Mozza's brunch: Do Italians eat brunch? Not really. Their dedication to a simple breakfast of coffee and toast or pastry could probably be sanctified as a state religion. Nancy Silverton abandoned the breakfast business when she started the various Mozzas, devoting herself instead to the demands of pizza and mozzarella. But as of a couple of weeks ago, there is now weekend brunch at Pizzeria Mozza: decent cappuccino and things like oniony bacon pizzas topped with a fried egg; luscious brisket hash, cooked overnight in the embers of the wood oven and topped with a fried egg; soft roasted eggplant with spicy tomatoes — uovo in purgatorio, like a Neapolitan version of shakshuka — topped with a fried egg; a breakfast sandwich topped with a fried egg; and a cheese-dusted endive salad topped with a fried egg. It's a cheerful way to begin a Sunday afternoon. (The standard disclosure applies: Silverton is a family friend.) — Jonathan Gold
Chicken and rice: There's something about the combination of chicken and rice, two utilitarian ingredients, that can, under the right circumstances of technique and sourcing, make for delicious alchemy. Witness Hainan Chicken. Also Nong's Khao Man Gai, the tiny Thai restaurant and tinier food cart in Portland, Ore., that serves some of the best chicken and rice on the West Coast. Then there's the Three Cup Jidori Chicken at Pine & Crane in Silver Lake, a pretty great chicken dish that's made even more so by the particular rice the restaurant serves with it. This rice is from Morihiro Onodera, formerly the sushi chef and owner of Mori Sushi, who sold his restaurant to become a potter — and a rice farm owner. Onodera's rice is the Japanese short-grain koshihikari variety, grown on a farm in Uruguay — Onodera says that the conditions in Uruguay are similar to those in his native Japan. Cooked in perfectly articulated grains, this rice is doubtless pretty good with raw fish, and it's terrific with a bowl of chicken. — Amy Scattergood
Will travel for food: Just arriving at Corazón de Tierra, a restaurant off highway 3 in Baja California's Guadalupe Valley, is a reward. You will need to brave a series of winding, seemingly endless unpaved roads full of ridiculous potholes, but it's well worth it. This is a farm-to-table Mexican restaurant, in every sense of the overused term. Diego Hernandez takes the produce grown on the restaurant's property and turns it into spectacular multi-course meals. Recent dishes included shards of pale pink beet meringue topped with a dollop of goat cheese and a sweet beet puree; and rounds of fried dough with smoked tuna, avocado puree and onion ash. The presentation is what you'd expect from any of the top fine dining restaurants in the states, but at a quarter of the price. It's 880 pesos per person. Depending on the exchange rate, that's around $46. If you can't make it south of the border, Hernandez says he plans to open a restaurant in Los Angeles in the near future. — Jenn Harris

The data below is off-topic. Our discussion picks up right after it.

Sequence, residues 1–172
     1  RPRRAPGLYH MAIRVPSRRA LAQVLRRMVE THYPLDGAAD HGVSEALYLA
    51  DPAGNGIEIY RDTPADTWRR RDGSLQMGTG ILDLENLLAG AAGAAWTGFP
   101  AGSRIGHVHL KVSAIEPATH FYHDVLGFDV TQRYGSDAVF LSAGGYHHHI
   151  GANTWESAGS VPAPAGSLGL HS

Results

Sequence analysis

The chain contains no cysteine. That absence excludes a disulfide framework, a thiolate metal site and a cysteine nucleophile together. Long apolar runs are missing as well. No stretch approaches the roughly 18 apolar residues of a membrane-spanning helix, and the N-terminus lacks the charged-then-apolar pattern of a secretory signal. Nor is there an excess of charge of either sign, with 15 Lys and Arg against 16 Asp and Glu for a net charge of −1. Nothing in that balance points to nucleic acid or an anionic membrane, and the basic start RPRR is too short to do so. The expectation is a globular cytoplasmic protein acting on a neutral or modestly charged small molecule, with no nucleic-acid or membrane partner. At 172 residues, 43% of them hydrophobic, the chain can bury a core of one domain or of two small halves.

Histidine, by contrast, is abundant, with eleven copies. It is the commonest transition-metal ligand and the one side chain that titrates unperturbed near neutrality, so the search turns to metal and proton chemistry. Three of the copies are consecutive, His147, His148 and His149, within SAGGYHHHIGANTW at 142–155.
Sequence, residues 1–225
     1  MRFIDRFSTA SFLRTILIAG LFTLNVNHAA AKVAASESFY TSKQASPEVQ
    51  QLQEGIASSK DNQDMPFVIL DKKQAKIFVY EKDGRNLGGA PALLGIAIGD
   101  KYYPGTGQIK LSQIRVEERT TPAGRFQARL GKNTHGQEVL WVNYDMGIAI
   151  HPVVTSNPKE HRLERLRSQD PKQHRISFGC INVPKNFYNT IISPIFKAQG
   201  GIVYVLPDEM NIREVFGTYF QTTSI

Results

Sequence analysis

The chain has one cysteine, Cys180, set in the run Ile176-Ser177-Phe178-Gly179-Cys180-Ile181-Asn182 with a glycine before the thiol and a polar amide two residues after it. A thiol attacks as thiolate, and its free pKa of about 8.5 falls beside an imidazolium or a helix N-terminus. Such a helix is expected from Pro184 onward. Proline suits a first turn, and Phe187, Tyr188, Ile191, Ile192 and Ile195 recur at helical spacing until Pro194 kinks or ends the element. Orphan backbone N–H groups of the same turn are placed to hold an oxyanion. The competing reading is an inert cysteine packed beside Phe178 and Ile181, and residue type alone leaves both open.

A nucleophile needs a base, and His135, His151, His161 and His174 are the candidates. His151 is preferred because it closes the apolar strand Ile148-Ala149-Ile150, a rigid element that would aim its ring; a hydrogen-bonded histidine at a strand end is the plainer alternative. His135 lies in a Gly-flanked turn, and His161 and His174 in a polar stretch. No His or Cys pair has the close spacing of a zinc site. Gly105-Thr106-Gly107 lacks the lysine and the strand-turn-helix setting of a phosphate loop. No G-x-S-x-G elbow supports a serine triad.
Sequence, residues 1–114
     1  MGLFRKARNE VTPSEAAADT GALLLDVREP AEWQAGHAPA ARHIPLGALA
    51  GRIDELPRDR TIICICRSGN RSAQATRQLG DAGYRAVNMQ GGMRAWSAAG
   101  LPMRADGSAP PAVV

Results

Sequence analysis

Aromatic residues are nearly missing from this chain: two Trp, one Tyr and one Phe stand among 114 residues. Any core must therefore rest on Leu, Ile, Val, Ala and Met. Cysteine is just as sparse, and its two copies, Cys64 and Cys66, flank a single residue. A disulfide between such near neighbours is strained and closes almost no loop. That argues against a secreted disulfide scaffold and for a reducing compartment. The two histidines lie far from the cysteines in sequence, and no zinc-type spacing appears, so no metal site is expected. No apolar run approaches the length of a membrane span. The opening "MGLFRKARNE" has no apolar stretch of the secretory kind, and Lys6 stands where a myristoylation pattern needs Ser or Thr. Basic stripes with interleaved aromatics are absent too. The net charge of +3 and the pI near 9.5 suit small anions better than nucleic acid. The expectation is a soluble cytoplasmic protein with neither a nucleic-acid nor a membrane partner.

Cookbook of the week: "Mastering Sauces" by Susan Volland (W.W. Norton & Co, $39.95). You might think that the position of saucier is a relic of the French kitchen brigade system, something that people pay attention to only in the rarefied world of fine dining. But sauces are an intrinsic part of so many cuisines, as well as basic home cooking, whether elaborate compositions or the stuff you whisk together last-minute in a pan. And good books on sauce-making are difficult to come by. Hence "Mastering Sauces," the first solo cookbook by Seattle native Volland. What you should probably know about the author is that her previous projects were not your ordinary collaborations: Before writing her book on sauces, Volland served as recipe editor for Nathan Myhrvold's "Modernist Cuisine" projects. Nice. It's therefore probably not a surprise that "Mastering Sauces" is both exhaustive and highly inventive, a 400-plus-page, over 150 recipe assembly of techniques and tips, sidebars and suggestions. This is good for classicists (she covers mother sauces) and multiculturalists (there are chapters on curries and barbecue sauces), as well as those who are intimidated by the whole idea. Which means there's a reassuring amount of science laced through Volland's book but also improvisation and homey prose: "Gravy should be available to all who crave it." Indeed.